ESPN is reporting that Dallas Cowboys Hall of Fame wide receiver Michael Irvin will be appearing shirtless (well, abs-uncovered at least) on the cover of next month’s August issue of Out magazine. Why, you might ask, would a straight male appear on the cover of the world’s most widely-read gay magazine?
According to the article by Cyd Zeigler, Irvin is attempting to honor the life and struggles of his gay brother, Vaughn, who died in 2006, by speaking out:
Now, after working through some of his personal demons with his long-time bishop, T.D. Jakes of the Potter’s House church in Dallas, Texas, Irvin is ready to talk about Vaughn. More than that, he’s become a passionate supporter of gay athletes and equal rights for same-sex couples.
Michael Irvin also has a pointed message for the African-American Christian community:
“I don’t see how any African-American with any inkling of history can say that you don’t have the right to live your life how you want to live your life. No one should be telling you who you should love, no one should be telling you who you should be spending the rest of your life with. When we start talking about equality and everybody being treated equally, I don’t want to know an African-American who will say everybody doesn’t deserve equality.”
[Note that 2008 California election exit polls indicated that an overwhelming 70% of the California African-American community supported Prop 8 (which sought to ban same-sex marriage), while the ballot initiative only passed with a slim 52.24% majority.]
Good for Michael Irvin. Irvin is now admitting that much of the womanizing he did in his younger years was, in part, due to the fact that he knew his brother was gay, and he didn’t want people to think he was gay. I applaud Irvin’s honesty, especially on a topic where many men are not honest. I firmly believe that many men oppose marriage equality for same-sex couples simply because they do not wish to be perceived as gay.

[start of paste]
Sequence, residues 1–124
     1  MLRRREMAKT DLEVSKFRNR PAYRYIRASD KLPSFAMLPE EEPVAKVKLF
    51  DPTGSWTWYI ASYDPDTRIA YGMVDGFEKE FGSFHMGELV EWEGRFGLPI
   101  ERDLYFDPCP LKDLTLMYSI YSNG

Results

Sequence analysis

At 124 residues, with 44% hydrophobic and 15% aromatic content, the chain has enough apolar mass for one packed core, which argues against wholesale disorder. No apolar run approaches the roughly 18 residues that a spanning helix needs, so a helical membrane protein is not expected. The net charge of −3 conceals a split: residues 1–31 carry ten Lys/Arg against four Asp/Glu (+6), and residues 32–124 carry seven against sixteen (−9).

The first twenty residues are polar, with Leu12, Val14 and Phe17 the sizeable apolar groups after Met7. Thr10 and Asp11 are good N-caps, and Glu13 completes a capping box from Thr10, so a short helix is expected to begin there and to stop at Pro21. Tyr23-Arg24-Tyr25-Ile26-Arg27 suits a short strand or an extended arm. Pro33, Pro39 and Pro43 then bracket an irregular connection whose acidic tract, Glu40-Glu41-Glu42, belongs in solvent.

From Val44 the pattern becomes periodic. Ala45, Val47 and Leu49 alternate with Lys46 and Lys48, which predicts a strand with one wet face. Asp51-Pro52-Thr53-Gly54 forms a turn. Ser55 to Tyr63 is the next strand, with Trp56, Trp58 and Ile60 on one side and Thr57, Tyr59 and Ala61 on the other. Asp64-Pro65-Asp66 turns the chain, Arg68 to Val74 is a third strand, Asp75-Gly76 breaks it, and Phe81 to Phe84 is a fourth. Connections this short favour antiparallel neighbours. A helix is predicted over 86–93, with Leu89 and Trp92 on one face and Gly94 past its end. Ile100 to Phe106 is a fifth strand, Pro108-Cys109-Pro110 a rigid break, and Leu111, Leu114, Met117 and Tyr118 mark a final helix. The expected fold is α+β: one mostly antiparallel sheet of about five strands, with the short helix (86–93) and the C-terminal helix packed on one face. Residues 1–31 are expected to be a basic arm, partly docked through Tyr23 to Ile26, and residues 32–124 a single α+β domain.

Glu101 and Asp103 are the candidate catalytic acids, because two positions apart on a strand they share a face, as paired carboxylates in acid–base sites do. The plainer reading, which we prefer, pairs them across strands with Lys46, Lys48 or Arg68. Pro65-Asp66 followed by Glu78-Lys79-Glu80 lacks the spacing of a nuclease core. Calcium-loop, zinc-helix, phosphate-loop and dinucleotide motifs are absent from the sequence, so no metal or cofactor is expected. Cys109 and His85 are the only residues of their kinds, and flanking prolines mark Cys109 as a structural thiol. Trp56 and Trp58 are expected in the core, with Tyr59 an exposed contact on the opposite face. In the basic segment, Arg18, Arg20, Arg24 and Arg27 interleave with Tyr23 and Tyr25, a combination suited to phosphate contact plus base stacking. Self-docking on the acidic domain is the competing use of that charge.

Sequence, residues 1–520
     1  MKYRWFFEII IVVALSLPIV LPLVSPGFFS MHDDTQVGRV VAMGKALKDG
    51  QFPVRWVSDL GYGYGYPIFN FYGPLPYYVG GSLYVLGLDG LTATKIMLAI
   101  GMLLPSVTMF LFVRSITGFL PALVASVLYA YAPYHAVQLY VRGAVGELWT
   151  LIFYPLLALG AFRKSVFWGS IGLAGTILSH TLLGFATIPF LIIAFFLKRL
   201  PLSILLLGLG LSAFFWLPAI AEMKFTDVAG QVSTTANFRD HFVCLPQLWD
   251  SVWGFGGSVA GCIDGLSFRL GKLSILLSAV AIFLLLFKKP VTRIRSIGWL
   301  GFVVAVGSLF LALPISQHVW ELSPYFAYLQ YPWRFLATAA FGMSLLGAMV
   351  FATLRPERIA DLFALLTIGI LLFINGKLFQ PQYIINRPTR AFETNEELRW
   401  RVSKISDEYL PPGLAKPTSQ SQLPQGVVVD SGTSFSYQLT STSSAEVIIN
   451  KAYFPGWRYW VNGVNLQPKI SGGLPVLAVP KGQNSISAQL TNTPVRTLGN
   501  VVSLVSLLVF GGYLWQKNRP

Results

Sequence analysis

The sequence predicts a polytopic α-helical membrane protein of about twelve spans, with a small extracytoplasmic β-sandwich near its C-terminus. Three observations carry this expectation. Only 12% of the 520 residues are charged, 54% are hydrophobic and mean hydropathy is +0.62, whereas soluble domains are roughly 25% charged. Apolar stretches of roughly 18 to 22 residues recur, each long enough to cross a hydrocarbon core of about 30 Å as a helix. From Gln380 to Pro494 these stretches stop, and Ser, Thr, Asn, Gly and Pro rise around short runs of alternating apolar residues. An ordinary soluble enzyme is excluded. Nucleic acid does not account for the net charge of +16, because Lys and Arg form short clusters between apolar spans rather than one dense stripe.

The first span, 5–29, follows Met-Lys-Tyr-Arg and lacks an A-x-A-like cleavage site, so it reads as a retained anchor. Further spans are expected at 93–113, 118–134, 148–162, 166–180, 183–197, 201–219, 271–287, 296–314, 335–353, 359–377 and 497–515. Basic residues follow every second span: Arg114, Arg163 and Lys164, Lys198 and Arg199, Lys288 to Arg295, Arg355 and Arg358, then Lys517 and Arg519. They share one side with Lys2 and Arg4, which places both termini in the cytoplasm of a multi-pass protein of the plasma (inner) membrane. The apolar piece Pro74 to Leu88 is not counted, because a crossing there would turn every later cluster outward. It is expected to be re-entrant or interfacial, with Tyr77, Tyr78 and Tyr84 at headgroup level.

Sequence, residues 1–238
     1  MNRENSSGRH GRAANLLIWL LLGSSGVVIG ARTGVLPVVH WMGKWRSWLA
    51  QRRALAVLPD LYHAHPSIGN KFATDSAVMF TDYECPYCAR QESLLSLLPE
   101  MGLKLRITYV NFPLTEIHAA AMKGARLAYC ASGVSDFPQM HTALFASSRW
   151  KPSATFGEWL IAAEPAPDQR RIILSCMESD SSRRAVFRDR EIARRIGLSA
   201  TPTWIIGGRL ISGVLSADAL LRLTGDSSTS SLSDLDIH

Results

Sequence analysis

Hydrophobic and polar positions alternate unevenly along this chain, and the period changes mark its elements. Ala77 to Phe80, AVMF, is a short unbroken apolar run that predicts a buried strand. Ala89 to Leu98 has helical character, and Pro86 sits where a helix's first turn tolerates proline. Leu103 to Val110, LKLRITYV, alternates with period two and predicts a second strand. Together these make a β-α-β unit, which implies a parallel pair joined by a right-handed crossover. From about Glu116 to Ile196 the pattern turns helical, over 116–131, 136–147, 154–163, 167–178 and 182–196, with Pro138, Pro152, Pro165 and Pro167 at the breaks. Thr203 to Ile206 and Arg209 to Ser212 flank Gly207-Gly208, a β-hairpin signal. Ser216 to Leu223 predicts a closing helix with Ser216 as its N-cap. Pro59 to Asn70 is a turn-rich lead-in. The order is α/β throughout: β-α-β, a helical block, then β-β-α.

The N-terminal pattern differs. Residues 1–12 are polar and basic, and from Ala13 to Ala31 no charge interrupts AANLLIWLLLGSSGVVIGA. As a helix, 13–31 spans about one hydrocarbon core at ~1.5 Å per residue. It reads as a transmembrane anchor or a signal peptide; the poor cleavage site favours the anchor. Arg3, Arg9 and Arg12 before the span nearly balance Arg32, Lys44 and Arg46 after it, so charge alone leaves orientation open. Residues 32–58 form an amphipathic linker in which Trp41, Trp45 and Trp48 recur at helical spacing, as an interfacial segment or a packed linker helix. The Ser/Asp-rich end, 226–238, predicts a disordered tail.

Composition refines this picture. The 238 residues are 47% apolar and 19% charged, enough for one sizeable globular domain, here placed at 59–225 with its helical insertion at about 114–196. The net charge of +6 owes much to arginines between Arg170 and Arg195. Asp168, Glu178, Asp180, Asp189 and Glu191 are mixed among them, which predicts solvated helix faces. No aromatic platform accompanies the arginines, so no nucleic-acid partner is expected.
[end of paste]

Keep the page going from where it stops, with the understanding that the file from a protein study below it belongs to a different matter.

I know this from experience. Despite my wife and child, many of my “good ol’ boy” friends from back home in Madera and Fresno, CA (especially the Christians) and an even greater number of folks who only know me from appearances on TV or pieces I’ve written either assume I am gay, bisexual, or am no longer a Christian because I advocated so strongly against California’s Proposition 8 (here and here and here and here). They call me all the names you’d use to tease a gay man, as if I’d somehow be embarrassed or offended by names if I were. And while I don’t let petty name calling trouble me much, I do think that many other straight men (especially people of faith) are so afraid of the mere concept of homosexuality (i.e., that it might somehow “rub off” on them or, like Michael Irvin admitted, that it may be a genetic thing and they may carry a recessive “gay” gene that may present at any time), or are simply so afraid of being called gay, that they overemphasize their masculinity and vehemently oppose homosexuality, and even go so far as opposing equal rights for homosexuals. These men, who fear feelings and emotions they may or may not experience or understand, attempt to purge their minds of the perceived threat by condemning gays, opposing their civil rights, and insisting that men stick out their chests, work on their trucks, play football, cuss, suppress the roles of women, and “not act like a bunch of ‘chickified’ church dudes” who “wear sweater vests.”